UN rights chief Bachelet holds ‘valuable’ meeting with China’s President Xi
In a tweet on Wednesday, the UN High Commissioner for Human Rights, Ms. Bachelet, indicated that she had been able to “discuss directly” important issues via videolink with the country’s premier, without providing further information about her talking points.
.@mbachelet: Meetings with President Xi & senior officials have been valuable to discuss directly human rights issues & concerns in China & global. For development, peace & security to be sustainable: human rights, justice, inclusion of all, without exception, must be at the core
“I have been committed to undertaking this visit, the first visit by a UN Human Rights High Commissioner to China in 17 years, because for me, it is a priority to engage with the Government of China directly…on human rights issues, domestic, regional and global,” Ms. Bachelet said, in comments shared by her Office, OHCHR.
She added: “For development, peace and security to be sustainable – locally and across borders – human rights have to be at the core.”
In opening remarks to President Xi, the UN rights chief also stressed that China had “a crucial role to play within multilateral institutions in confronting many of the challenges facing the world currently”, comments echoed in an address to students at Guangzhou University.
These challenges included “threats to international peace and security, instability in the global economic system, inequality, climate change and more”, Ms. Bachelet explained, adding that she looked forward “to deepening our discussions on these and other issues”.
As with other countries, the High Commissioner also offered China technical assistance to “accompany efforts to strengthen the promotion and protection of human rights, justice and the rule of law for all without exception”.
The development came as Ms. Bachelet prepared to visit the western Xinjiang Uyghur Autonomous Region on Wednesday, where UN-appointed independent rights experts have raised serious concerns about the alleged detention and forced labour of Muslim Uyghurs.
China has strongly denied the allegations over its treatment of the Uyghur minority, hundreds of thousands of whom who have been reportedly held in so-called re-education” facilities or forcibly transferred to factories in Xinjiang or other Chinese provinces.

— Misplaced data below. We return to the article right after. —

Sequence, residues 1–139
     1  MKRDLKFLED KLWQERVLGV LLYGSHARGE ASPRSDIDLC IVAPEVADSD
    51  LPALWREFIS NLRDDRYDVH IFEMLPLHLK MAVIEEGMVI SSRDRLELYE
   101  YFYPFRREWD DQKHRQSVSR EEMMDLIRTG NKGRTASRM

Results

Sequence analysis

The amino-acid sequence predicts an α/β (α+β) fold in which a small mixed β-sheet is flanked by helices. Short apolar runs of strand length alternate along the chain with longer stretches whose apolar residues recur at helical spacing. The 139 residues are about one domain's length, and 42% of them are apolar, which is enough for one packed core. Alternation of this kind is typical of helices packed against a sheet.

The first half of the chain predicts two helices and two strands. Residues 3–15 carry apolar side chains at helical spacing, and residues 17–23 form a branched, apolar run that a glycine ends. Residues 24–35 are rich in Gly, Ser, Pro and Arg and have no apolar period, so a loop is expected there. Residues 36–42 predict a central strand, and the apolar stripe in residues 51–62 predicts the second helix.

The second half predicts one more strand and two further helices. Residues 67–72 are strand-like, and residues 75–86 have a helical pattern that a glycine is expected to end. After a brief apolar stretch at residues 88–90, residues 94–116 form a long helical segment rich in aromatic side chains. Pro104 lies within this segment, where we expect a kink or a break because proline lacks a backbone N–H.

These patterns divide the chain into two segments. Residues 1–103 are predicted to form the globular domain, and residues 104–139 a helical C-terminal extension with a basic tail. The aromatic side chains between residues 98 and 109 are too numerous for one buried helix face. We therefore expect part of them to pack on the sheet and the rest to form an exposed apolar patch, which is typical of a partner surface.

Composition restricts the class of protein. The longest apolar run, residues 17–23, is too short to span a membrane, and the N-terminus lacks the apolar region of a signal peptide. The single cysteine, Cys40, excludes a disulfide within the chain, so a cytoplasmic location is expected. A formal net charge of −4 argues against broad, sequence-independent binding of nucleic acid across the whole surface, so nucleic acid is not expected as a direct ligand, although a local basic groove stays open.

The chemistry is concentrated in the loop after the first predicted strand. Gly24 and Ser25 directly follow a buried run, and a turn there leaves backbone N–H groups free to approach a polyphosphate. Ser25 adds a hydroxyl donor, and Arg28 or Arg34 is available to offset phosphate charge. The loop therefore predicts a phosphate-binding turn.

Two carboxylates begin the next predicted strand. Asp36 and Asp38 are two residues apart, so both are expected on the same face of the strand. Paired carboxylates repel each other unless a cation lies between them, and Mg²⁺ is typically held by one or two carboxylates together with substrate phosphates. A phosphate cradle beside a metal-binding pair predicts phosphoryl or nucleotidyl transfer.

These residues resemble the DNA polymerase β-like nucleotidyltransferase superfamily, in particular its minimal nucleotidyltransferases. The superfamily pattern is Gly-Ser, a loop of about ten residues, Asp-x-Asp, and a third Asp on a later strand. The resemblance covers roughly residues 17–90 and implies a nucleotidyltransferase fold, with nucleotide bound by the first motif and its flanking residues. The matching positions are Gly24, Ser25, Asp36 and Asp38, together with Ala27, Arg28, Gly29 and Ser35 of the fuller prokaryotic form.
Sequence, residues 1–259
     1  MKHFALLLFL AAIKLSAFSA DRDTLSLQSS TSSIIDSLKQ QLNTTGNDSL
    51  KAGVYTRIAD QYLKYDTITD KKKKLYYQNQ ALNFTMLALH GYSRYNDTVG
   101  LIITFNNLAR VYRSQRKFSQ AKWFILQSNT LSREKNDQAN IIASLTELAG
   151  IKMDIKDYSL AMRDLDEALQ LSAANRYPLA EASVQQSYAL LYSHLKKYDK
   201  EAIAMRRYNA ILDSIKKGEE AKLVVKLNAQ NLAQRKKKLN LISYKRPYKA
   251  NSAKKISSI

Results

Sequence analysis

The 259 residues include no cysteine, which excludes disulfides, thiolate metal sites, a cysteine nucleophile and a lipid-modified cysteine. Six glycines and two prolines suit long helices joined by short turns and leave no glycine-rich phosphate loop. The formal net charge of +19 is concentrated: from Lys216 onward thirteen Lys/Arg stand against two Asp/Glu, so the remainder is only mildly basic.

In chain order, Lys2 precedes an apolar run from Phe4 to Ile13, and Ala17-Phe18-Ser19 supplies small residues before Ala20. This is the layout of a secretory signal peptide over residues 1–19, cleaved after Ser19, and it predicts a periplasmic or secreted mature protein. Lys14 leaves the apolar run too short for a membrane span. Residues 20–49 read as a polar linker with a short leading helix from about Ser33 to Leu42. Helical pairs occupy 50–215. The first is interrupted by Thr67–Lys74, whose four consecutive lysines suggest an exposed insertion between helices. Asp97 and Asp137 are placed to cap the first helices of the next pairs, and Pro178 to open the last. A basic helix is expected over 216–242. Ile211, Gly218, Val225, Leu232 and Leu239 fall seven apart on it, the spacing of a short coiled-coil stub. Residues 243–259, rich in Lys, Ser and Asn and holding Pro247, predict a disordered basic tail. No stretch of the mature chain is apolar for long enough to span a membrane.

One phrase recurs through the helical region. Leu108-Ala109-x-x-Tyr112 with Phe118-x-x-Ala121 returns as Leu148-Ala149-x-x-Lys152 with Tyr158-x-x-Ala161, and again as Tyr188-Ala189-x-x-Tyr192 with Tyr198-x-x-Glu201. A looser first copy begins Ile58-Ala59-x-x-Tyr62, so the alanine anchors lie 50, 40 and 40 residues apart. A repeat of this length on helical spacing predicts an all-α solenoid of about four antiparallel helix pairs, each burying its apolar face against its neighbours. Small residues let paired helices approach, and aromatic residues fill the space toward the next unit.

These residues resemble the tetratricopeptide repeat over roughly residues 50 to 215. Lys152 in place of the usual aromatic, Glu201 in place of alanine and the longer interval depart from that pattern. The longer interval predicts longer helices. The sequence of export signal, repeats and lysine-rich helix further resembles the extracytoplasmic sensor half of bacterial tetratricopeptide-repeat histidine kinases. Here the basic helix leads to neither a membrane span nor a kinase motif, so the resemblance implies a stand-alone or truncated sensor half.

Also on Wednesday – halfway into her six-day mission to China - the UN rights chief delivered a lecture to students at Guangzhou University.
At a time of “uncertainty and unpredictability”, a “human rights education is so crucial” for everyone, Ms. Bachelet insisted.
It offered the opportunity to shape “our own social, economic, cultural and political reality”, she continued, adding that it provided “concrete solutions to the challenges people face”.
Despite numerous global threats, from COVID-19 to climate change, conflict and growing inequalities, the High Commissioner told her audience that “the tremendous power of youth” was one of several “beacons of hope”.
“A fundamental ingredient for youth to be able to play that role is an open civic space where they can voice their opinions and seek change,” Ms. Bachelet said, adding that she had been inspired by youth activist movements who had challenged “discrimination, injustice and inequalities”.
She added: “Young people are influencing debates of national and international importance and prompting social change - including by demanding a seat at the table and holding governments and businesses to account for their inaction.”
Echoing the UN Secretary-General’s Call to Action for Human Rights and Our Common Agenda blueprint for multilateral action, which underlines how young people must have the opportunity to take part in discussions that affect them, Ms. Bachelet highlighted the need for “an open civic space where they can voice their opinions and seek change”.
Returning to the topic of the inalienable right to participate in open dialogue, she also added: “When various sectors of society are brought into discussions, are included in debate, it allows for a deeper understanding of the issues. With different voices at the table, States can better identify gaps in laws and policies, to make sure they are more just.”
Upon arriving in Guangzhou on Monday where she was greeted by Vice Foreign Minister Ma Zhaoxu, Ms. Bachelet told journalists that she expected to discuss “some very important and sensitive issues” over the course of her visit, to help to “build confidence”.
She is scheduled to hold a press conference at the end of her six-day mission.